By Farron Levy
Hilton owns fewer than 50 of the 3,800 hotels that fly the Hilton flag, but the chain’s brand standards govern what the independent owners can do. While every big hotel chain has a sustainability program, reports Marc Gunther, Hilton was the first major hospitality company to require sustainability measurement as a brand standard.
And how they’ve activated this commitment is a strong example of how simple tracking and benchmarking can be a powerful driver for continuous improvement. Reports Marc:
Just for fun, I asked Chris to give me a peek at the monthly footprint of a single hotel. He picked the San Francisco Hilton (above), which has an exemplary record. Among other things, we learned that carbon emissions per square foot of the hotel were 8 lbs per month, water usage was 148 gallons per room per month and waste was 5 lbs. per room per month. Those numbers don’t mean much, without context, but what was interesting to me was that they were all far, far below system-wide averages–indicating that there’s plenty of room for improvement elsewhere.
Hilton’s tracking efforts have identified their San Francisco property as a top performer, and that same system also identifies those properties that don’t perform as well. Hilton now has a powerful lever for change: it knows what works, so it can do more of it; and what doesn’t, so it can intervene and improve.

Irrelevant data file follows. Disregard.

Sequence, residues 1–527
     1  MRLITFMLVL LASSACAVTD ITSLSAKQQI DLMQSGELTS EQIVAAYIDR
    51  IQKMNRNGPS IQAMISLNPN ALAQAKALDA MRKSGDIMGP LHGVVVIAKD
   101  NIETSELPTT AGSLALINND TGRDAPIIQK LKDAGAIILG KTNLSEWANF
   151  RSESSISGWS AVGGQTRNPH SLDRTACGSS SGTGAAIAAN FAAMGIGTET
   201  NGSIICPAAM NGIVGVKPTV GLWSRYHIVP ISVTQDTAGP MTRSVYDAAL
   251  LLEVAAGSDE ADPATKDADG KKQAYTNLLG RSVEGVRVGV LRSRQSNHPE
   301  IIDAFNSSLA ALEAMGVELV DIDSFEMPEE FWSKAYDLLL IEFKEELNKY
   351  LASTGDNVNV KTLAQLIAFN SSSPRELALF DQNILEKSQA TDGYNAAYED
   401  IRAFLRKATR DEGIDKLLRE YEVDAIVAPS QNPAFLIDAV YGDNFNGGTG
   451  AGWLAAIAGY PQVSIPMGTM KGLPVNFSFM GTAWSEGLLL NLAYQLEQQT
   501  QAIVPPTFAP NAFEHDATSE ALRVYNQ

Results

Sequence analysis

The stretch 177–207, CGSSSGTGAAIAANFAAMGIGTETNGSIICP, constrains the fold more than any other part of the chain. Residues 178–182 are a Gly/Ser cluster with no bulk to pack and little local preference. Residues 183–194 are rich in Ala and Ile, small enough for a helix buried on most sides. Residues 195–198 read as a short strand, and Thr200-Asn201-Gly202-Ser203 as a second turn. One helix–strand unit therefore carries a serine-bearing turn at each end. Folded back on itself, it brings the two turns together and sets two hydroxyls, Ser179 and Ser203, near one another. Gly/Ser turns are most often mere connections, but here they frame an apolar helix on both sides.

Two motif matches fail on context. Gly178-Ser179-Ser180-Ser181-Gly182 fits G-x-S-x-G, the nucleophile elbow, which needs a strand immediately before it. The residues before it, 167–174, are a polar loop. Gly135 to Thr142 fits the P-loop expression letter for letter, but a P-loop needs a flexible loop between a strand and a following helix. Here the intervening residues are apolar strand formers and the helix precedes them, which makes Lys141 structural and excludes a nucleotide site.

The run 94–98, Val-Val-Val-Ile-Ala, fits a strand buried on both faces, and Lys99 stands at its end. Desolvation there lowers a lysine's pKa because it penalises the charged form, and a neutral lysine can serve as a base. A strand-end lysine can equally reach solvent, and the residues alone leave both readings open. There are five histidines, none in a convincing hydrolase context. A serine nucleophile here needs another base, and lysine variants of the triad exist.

This same principle can be applied to anything – even (and perhaps especially) to other corporate citizenship activities that often lack performance measures (think grantmaking, volunteerism, and other community investment initiatives). Which investments resulted in new skill development for employees, generated the most meaningful social impacts, or generated the most recruiting or sales leads? Simple things to track; powerful insights revealed.
Maybe it should be part of your brand too.
Farron Levy is a guest blogger for CSRHub. Farron, president and founder of True Impact, specializes in triple-bottom-line assessments, having helped a broad range of companies and their nonprofit partners evaluate the impacts of their social and environmental investments.